In 2016 after I read Pascal Baudar’s The New Wildcrafted Cuisine, I believed the author was doing some of the most interesting and inventive work in the culinary world. With his new book, The Wildcrafting Brewer: Creating Unique Drinks and Boozy Concoctions from Nature’s Ingredients, I have to add that he’s now doing some of the most interesting and inventive work in the beverage world, too.
Having followed his work for several years, I remain in constant awe of Baudar. His various culinary inventions and how they come about shows not only a deep understanding of foraging and wild food, but also an inexhaustible inventiveness with what he finds. In his previous book, I loved the recipes for cooking various meats in “forest floor” or his many imaginative butters, cheeses or pickles. As a home winemaker and fermenter myself, I was particularly taken by the infusions and other beverages he discussed in that work. So when I learned he was expanding those small snippets into a book, I was intrigued.
The Wildcrafting Brewer did not disappoint.
First, I appreciate the simple utility of this book—if you are not a fermentation master, don’t sweat it. The Wildcrafting Brewer will still work for you. In fact, I believe this book provides a great place to break into the world of home brewing, in general. The equipment Baudar prescribes most people already possess, which allows you to wade into the world of home brewing slowly with low investment in case you find it’s not your thing.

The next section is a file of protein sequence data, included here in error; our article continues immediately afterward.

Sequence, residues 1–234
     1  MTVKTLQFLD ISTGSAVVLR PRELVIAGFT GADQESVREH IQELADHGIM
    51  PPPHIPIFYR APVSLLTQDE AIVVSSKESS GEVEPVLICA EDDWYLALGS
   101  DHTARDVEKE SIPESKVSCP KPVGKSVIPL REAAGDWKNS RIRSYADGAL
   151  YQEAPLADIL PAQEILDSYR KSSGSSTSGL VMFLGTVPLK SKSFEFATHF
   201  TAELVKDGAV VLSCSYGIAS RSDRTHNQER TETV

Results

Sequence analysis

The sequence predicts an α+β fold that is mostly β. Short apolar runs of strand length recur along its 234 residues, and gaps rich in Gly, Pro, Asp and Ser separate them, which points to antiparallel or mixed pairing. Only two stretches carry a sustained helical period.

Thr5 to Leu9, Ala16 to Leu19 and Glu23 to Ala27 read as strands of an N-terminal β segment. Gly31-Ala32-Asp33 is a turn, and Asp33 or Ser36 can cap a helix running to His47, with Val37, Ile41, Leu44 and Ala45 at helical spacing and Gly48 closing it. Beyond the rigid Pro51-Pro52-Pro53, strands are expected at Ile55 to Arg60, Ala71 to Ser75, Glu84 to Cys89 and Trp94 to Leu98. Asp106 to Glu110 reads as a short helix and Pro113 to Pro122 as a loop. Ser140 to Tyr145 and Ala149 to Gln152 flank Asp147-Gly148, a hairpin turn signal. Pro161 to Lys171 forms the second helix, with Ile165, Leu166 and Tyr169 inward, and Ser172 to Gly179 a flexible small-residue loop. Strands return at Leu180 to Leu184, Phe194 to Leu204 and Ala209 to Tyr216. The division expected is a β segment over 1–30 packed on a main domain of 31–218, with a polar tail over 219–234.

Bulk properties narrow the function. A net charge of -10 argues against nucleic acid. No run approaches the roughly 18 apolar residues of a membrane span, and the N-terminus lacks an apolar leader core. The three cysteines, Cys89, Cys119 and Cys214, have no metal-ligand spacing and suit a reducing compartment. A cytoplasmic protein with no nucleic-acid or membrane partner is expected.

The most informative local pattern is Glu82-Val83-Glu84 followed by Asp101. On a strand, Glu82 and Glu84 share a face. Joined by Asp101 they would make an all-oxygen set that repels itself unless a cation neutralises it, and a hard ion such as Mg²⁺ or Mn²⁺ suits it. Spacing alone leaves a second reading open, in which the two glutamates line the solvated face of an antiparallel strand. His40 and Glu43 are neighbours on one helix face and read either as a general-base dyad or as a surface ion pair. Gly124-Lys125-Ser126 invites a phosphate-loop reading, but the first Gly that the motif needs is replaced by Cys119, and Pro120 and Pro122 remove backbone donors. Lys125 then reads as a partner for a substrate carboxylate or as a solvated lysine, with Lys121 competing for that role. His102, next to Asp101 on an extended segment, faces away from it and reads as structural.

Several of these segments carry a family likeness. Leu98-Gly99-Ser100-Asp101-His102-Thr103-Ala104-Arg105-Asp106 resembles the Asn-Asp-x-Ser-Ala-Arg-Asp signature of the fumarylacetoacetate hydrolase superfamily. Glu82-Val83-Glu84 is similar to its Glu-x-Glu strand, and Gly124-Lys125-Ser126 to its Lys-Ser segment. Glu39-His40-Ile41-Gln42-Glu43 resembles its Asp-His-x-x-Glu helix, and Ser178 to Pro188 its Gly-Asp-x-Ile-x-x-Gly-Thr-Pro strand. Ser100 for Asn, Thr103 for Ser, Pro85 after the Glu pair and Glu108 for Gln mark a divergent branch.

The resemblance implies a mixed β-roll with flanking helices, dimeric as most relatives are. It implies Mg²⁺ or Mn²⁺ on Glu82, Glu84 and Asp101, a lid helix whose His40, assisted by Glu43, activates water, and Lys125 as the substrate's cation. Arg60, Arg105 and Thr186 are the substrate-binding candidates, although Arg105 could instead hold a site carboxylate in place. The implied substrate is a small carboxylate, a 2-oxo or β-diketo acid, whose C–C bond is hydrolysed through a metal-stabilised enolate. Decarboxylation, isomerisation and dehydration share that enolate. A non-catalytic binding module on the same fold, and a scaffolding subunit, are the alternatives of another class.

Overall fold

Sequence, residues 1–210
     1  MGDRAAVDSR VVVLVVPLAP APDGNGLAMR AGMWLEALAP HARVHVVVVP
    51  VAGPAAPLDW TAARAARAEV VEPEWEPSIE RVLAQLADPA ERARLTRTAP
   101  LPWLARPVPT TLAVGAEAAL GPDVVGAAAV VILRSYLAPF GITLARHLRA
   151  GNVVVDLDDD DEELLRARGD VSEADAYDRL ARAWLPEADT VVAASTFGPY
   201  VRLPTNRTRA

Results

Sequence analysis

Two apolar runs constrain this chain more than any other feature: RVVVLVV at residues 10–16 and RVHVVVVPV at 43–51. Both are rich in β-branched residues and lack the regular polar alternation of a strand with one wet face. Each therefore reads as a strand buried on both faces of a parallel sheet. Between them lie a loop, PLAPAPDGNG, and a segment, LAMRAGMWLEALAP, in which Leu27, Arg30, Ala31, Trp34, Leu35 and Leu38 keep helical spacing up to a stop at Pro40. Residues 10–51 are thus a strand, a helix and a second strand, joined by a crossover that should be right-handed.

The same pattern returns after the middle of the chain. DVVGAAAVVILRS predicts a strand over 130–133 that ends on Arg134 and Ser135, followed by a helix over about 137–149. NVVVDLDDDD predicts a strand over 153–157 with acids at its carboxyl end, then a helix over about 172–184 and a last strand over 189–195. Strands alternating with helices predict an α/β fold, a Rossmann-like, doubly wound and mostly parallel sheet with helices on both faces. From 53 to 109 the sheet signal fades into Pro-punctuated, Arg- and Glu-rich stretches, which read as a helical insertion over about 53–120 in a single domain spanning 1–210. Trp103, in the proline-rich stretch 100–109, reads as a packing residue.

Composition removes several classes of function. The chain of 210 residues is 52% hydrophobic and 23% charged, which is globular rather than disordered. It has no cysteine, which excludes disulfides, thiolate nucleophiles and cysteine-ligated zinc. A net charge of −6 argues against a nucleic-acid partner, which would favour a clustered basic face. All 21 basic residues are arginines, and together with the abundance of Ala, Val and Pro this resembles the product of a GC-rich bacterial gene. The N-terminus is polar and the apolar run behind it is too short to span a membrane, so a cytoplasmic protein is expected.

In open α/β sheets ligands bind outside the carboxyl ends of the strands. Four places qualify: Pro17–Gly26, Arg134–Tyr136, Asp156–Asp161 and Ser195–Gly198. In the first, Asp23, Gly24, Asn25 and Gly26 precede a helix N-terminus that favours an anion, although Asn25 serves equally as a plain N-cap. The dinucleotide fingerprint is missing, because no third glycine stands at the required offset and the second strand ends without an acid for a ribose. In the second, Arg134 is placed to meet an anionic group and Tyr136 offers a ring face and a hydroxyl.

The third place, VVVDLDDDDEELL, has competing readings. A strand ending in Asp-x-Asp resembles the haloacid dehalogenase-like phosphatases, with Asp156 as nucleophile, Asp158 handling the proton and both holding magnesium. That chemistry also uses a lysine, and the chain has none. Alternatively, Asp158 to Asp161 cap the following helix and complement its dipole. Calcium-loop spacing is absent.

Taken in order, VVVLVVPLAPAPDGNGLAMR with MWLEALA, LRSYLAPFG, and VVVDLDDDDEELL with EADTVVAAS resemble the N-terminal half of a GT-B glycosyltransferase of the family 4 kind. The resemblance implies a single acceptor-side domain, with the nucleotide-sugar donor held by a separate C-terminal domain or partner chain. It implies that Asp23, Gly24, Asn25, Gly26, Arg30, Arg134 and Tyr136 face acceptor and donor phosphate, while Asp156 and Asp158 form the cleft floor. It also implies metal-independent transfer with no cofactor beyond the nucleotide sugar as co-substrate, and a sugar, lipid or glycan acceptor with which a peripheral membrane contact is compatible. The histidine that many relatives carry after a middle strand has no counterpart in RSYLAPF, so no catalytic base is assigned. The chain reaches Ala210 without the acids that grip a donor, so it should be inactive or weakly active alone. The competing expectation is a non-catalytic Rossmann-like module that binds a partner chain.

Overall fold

The pages are peppered with simple explanations of important concepts, such as dry hopping and how carbonation works, that you can digest it quickly. Baudar lays out the basics of fermentation, how to collect wild yeast and ratios for how to calculate alcohol levels simply. You can then apply those concepts to almost any beverage idea you have. If you want to elevate your home brewing, this book will do that, but if you’ve never brewed before, The Wildcrafting Brewer is an excellent place to begin. It’s not just a walk through the mind of a mad foraging scientist. Rather, it renders generally complex subjects such as the making of wine, beer, soda and mead into something fun and accessible.
Are there nonalcoholic beverages included? Yes, but not many. Obviously, given the title, this is not a book geared toward nondrinkers, though that isn’t to say nondrinkers couldn’t take Baudar’s concepts and adapt them to their own tastes. Baudar gives a lot of information about foraging and using wild ingredients. He talks about infusions and syrups. Add any of that to his methods for creating carbonation without alcoholic fermentation, and nondrinkers could quickly have a large arsenal of sodas and fun drinks for any time of the year.
Ultimately, this book is for people who like to experiment in the kitchen and enjoy a good home brew. It’s for folks who love new flavors, wild food, foraging, walking through the woods and creating something completely novel. To that last point, I think perhaps Baudar’s greatest talent—visible in this book, his last book, his Instagram account and most everything he does—is that he generates a whole new way of looking at cuisine and equips the reader with the exact tools they need to join him in exploring it.